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The high cost to avoid going blind

The provincial MCP plan considers Refractive Lens Exchange an elective procedure and means patients must pay for the surgery, which can exceed $10,000, even when the procedure is necessary to prevent permanent blindness. – © Pixabay


Editor’s note: Patient’s name has been redacted to protect privacy.

PORT AUX BASQUES – As Canadians, we often take it for granted that when faced with dire medical needs, costs will be covered by our province’s Medical Care Plan (MCP). Sadly, this is not always the case. A 50-year-old male who wishes to remain anonymous and who we will call ‘John Doe’, has been told that he will go blind in five-to-ten years without surgical intervention, and that he will have to pay for that surgery out of pocket.

“I noticed my new glasses, that I’ve only had for three months, weren’t focusing right on the TV, so I went to my eye doctor, and we determined after about an hour and a half that there’s nothing wrong with the glasses. There’s something wrong with my eyes,” said John Doe.

After a thorough examination, it was determined that there were multiple serious issues causing the problem. There were four degenerative conditions found in John Doe’s eyes: Sclerosis, cataracts, thinning of the back of his eye lenses, and pavement patching.

“The sclerosis is basically like if you’re looking through a coke bottle. You know how everything is discoloured and kind of faded and muted? The sclerosis will eventually cloud my entire field of vision in both eyes. So it’ll be like looking through a window from the 1800s where it’s just off, not focusing, but sometimes I might be able to get a peek through that clean spot, but the second I move or blink… And the cataract, as we all know, is natural. I have a thinning of the back of my lens. I also have something called pavement patching which is like a stretching and a pebbling,” explains John Doe.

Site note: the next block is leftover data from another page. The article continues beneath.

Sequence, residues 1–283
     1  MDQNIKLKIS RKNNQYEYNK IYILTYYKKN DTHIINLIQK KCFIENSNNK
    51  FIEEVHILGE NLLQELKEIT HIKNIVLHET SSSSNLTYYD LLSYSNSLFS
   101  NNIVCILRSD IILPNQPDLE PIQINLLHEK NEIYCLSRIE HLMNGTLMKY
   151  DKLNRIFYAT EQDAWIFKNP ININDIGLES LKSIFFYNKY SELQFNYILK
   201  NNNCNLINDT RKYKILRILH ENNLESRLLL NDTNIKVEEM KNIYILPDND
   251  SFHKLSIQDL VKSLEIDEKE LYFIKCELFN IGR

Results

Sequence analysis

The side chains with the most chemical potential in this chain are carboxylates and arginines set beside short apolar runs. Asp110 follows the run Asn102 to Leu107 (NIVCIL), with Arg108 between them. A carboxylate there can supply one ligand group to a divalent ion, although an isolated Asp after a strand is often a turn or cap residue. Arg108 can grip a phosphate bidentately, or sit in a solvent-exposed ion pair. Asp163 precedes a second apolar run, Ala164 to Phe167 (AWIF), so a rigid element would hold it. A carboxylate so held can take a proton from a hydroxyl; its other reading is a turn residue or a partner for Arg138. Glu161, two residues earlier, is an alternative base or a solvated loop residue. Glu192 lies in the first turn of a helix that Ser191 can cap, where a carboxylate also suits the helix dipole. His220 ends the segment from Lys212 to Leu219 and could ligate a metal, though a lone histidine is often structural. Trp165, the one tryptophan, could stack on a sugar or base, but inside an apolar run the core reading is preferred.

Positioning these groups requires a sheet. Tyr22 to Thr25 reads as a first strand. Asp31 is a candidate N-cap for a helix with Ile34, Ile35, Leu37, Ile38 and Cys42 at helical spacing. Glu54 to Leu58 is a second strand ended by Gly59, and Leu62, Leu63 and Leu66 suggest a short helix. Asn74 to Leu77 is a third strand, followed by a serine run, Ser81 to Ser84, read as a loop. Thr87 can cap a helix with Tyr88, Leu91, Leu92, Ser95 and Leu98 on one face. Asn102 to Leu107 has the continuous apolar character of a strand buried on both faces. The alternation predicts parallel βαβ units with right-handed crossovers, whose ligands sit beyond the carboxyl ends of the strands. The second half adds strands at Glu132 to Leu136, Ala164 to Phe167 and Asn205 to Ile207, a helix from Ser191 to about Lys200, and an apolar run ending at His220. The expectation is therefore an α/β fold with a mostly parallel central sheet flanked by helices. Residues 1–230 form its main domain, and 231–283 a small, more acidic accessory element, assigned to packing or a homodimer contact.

The impact of these conditions has resulted in a degradation of his vision in the past six months that was equal to the previous five years of deterioration. His doctor confirmed to John Doe that this will only get progressively worse, and that the surgery needed is not covered by MCP.

In fact, lens replacement is considered an elective surgery by the provincial government. Most people call it laser eye surgery, and it is a commonplace procedure for those looking to correct their vision to avoid wearing glasses or contacts. In John Doe’s case, the procedure is the only way to avoid eventual blindness.

A surgeon will have to replace his lenses with plastic lenses that won’t discolour and obscure his vision further over time. Of course, that means that John Doe won’t have to wear glasses anymore either, but that’s not what concerns him.

“He told me I have two options. One is I can continue to let my eyes degrade to the point with the sclerosis and the cataracts, I can’t see, and then it’ll be paid for by the government to get work done on my eyes, which will be in anywhere from 5 to 10 years. Or I can pay out of pocket to have a refractive lens exchange done, which is the removal of my natural lenses in my eyes and then the insertion of artificial or synthetic lenses,” he said.

By the 5-to-10 year mark, John Doe says that he will be largely blind before the government would step in for the surgery.

“Once I literally cannot function at anything except sitting down and learning Braille, because my doctor told me that ‘eventually there are not going to be any glasses that’ll give you vision, and you can wait it out, but you’re going to have a harder time seeing, you’re going not going to be able to drive, you’re not going to be able to read or watch TV.'”

The cost for the corrective surgery before John Doe’s eyes deteriorate to the point where MCP will intervene is staggering.

“I looked it up, but it’s going to be anywhere from $3,000 to $6,000 (per eye), and so it could be $7,000, it could be $12,000 to get this done. But I don’t want to wait the five or ten years it’s going to take for this to happen. I want to arrest this and get my eyes fixed,” he says.